“She watches him walk away, and wonders how many more times, and how many more people, will disappear out of her life before this war ends?”Mandy Robotham, The Resistance Girl
Title: The Resistance Girl
Author: Mandy Robotham
Genre: Historical Fiction
Pages: 410 (Paperback) (432 according to Goodreads)
Published: March 31st, 2022 (UK Release)
May 31st, 2022 (US Release)
My Rating: ★★★★
Read: 5/13/2022 – 5/17/2022
I’ve read a lot of WWII fiction and quite a few have covered the Resistance, however, I’ve never read about the Norwegian Resistance (if any story set in Norway at all). Hearing the summery, my interest was piqued.
Rumi and Jens make a great team, both carrying the emotional wounds of war and doing what they can to aid those affected by the Nazis. As the story progresses, Rumi’s focus shifts to the maternity home which turns out to be more of a glorified prison. In turn, Jens becomes her ally in these missions though he is under the constant watch of the Gestapo. The story is slow to start but picks up about halfway through the book. The found family dynamic is strong here, something I love!
The particular style of writing here isn’t my favorite – more detail than dialogue – but the plot shone through it all and I enjoyed the story immensely. With the maternity home such a focus, I do wish we could have seen more about it, though that would have made for a lengthy book and separate from Jens and Rumi’s stories. The two have a good, yet complicated chemistry, but the real charm of the book is their shared love for Marjit. In a sense, she is the heart of the story.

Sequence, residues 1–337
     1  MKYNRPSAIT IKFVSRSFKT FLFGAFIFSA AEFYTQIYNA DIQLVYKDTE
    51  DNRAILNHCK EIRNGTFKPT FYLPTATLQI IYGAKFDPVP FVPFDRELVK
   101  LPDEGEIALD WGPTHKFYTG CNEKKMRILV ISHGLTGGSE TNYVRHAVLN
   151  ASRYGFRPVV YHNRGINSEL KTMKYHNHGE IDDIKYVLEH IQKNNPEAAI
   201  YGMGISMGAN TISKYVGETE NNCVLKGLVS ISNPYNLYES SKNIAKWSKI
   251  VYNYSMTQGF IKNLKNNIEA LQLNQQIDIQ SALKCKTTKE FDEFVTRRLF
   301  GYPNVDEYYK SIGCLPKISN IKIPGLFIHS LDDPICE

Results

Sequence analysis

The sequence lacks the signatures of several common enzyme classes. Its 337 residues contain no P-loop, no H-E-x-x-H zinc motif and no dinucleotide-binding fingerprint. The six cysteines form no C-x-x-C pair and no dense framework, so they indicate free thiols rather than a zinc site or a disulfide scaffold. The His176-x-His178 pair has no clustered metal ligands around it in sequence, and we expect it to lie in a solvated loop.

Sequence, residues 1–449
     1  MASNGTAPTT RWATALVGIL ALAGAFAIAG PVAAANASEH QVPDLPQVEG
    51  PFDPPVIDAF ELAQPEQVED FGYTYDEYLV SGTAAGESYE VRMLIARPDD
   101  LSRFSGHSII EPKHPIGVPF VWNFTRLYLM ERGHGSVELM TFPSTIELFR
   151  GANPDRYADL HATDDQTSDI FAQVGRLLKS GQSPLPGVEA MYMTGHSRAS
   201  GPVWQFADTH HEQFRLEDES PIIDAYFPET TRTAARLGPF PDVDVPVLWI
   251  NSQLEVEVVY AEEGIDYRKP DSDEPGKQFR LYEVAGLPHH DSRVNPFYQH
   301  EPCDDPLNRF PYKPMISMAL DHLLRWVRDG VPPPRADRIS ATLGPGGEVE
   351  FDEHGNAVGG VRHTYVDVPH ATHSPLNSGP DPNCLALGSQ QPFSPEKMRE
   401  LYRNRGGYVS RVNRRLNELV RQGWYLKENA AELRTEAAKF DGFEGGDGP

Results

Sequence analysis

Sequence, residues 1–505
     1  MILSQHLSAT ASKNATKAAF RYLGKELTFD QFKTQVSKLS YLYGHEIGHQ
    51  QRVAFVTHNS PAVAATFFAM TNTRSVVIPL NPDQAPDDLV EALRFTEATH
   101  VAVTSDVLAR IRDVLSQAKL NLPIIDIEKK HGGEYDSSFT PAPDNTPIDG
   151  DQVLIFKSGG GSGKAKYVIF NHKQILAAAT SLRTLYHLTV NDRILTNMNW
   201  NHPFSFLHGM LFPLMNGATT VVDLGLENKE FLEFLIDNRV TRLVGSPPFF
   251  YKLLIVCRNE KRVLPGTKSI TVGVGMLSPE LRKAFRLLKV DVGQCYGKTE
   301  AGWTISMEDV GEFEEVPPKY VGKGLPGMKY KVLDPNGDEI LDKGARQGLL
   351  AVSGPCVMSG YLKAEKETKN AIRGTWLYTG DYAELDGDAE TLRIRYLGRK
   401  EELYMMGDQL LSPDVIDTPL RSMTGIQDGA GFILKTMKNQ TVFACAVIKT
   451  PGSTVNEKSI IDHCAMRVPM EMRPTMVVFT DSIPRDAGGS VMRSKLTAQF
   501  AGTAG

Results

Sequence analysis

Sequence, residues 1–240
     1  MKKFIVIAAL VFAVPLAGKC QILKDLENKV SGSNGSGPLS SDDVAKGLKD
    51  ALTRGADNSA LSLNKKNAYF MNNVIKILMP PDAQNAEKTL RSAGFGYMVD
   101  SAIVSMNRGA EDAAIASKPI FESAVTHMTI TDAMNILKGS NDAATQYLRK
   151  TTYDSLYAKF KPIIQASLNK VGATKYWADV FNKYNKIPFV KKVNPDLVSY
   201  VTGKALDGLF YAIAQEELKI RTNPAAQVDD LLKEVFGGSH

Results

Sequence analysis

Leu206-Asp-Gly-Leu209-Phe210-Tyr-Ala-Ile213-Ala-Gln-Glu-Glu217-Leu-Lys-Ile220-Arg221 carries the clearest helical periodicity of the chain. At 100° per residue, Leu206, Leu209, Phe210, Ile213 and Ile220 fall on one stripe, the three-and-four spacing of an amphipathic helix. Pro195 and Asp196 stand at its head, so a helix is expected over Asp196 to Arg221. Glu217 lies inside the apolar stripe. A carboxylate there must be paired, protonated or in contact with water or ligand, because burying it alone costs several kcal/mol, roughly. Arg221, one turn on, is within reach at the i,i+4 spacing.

A huge thanks to HarperCollins/Harper 360 for sending me a free copy of the book to read and review.
This book was particularly exciting to read as it’s the first physical ARC I’ve received. And just look at the gorgeous cover! Though I do have some minor quips (and most of those a matter of personal opinion), I’d say it lived up to my expectations. The emotional aspect of the story excelled. There was a good amount of action scattered throughout it as well, starting with Jens and Rumi’s meeting.
The part that hasn’t sat well with me is the particular way Rumi’s grief over the loss of Magnus is portrayed, at least in the beginning. To be specific, Marjit’s way of comparing Rumi’s grief to Jens’ in a way that made it sound like his experience hasn’t been as bad as hers. Though my vote for most tragic experiences goes to Jens, there really isn’t any comparing the two.